Connect with us
Pawleys Front Porch

Globe

Egypt: Mubarak Back?

Published

on

Former Egyptian leader Hosni Mubarak is scheduled to be released from captivity this week, a move which will further inflame rapidly escalating tensions in the North African nation – where more than 900 people have died in the last week.

Meanwhile the Muslim Brotherhood – whose leader Mohammed Morsi was overthrown in a bloodless coup last month – has reportedly aligned with al-Qaeda in an effort to ramp up its ongoing “protests.” In fact Brotherhood/ al-Qaeda forces executed more than two dozen Egyptian police officers earlier this week in an ambush on the Sinai peninsula.

Mubarak has been incarcerated since April of 2011 – two months after he was routed from power during the so-called “Arab Spring.” U.S. President Barack Obama worked to undermine Mubarak’s rule – and supported Morsi’s ascension to power.

Currently, Obama is taking steps to cut approximately $250 million in annual economic aid to Egypt’s interim government – although the $1.3 billion in annual military aid our taxpayers provide to the rapidly unspooling nation remains in place.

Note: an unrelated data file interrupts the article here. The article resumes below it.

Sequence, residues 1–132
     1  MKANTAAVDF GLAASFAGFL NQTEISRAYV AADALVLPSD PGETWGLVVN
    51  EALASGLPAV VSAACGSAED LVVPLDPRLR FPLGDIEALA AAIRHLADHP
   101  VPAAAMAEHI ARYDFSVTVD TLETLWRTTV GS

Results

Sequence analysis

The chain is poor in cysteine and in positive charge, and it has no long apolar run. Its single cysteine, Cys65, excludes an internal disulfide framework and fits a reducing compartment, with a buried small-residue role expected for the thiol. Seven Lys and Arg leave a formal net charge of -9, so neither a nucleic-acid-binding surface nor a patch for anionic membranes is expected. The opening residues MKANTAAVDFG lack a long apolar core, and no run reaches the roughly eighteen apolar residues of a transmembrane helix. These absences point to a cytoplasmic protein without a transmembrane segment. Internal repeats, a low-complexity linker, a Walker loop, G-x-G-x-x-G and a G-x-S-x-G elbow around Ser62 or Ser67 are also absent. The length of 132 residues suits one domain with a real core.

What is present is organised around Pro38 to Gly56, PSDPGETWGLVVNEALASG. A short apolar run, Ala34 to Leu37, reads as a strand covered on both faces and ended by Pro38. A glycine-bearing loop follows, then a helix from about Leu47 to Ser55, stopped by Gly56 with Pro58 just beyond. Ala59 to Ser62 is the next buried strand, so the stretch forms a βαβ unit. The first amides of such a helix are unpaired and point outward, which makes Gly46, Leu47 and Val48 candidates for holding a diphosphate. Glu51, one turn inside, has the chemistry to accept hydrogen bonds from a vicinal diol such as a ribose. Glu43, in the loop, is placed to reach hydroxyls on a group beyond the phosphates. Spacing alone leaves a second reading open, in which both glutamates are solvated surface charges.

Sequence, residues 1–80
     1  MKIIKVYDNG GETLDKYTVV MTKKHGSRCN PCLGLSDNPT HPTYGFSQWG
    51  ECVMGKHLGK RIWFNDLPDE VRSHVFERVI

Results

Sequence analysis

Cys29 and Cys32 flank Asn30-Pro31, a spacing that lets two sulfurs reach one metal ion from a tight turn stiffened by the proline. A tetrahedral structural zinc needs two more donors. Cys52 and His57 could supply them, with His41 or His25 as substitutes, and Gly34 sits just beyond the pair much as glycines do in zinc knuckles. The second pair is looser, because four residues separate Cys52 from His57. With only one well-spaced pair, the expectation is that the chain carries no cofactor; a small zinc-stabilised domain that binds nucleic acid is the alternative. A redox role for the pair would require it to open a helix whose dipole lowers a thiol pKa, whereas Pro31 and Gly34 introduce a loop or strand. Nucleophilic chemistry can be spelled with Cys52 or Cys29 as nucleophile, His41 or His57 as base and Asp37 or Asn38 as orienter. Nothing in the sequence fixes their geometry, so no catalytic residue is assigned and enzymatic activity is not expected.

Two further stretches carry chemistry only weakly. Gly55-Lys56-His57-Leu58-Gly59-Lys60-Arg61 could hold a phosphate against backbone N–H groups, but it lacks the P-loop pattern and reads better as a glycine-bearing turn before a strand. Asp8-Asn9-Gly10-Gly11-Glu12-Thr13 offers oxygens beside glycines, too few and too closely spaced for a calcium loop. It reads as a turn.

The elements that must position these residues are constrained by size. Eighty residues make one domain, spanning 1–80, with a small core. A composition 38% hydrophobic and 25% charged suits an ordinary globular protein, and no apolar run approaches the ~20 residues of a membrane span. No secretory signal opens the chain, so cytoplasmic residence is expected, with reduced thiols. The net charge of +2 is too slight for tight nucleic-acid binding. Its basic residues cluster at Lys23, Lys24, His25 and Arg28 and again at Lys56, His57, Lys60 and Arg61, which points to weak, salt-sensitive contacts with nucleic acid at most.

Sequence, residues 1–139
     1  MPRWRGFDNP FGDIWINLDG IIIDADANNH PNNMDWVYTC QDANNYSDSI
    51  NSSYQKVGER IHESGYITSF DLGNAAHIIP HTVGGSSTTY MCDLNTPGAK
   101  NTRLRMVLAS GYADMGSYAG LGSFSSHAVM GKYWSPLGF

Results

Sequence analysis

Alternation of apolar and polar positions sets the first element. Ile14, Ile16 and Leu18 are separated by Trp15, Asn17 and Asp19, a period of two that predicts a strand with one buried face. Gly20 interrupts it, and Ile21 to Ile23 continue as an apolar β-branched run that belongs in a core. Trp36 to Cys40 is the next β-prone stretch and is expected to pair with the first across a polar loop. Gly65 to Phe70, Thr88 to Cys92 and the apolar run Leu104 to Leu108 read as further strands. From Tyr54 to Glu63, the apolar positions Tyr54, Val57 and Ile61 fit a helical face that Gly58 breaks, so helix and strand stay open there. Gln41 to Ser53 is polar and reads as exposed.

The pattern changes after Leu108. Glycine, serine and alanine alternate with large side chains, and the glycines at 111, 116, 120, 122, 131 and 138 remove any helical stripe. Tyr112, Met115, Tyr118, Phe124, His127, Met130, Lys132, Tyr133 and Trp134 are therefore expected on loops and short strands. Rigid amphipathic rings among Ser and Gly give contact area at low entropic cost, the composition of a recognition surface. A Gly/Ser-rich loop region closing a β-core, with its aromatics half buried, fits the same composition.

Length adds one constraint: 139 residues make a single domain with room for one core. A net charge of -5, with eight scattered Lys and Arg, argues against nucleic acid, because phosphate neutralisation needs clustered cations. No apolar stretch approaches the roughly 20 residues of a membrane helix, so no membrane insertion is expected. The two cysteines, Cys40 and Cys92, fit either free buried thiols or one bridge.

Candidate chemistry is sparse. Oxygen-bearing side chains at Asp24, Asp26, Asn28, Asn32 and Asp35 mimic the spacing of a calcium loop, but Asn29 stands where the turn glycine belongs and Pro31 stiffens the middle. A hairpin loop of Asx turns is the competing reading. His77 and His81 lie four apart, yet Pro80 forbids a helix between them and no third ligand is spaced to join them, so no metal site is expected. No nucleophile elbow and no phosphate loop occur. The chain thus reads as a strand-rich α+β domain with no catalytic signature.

Mubarak, 85, ruled Egypt for three decades prior to his ouster. During that time he was a staunch U.S. ally.

Morsi? Not so much. Shortly after taking power he declared a jihad against Syria and tried to force the Egyptian Army into the war-torn nation – where Muslim extremists are fighting to depose president Bashar al-Assad.

Another American ally in the Middle East, Saudi Arabia, blamed the “ignorance” of the Obama administration for the Egyptian crisis. Saudi Arabia’s King Abdullah specifically cited American “interference” in Egyptian affairs as causing the current turmoil.

Abdullah is also putting his money where his mouth is – spearheading a $12 billion provision of aid for the interim Egyptian government.

Again … we’re not neoconservatives. We don’t care whether Mubarak or Morsi leads Egypt. And we oppose all foreign aid on principle.

But it is becoming increasingly clear that the U.S. backed the wrong horse in Egypt, abandoning one of its few allies and sending an unmistakeable signal to the rest of the world.

Comments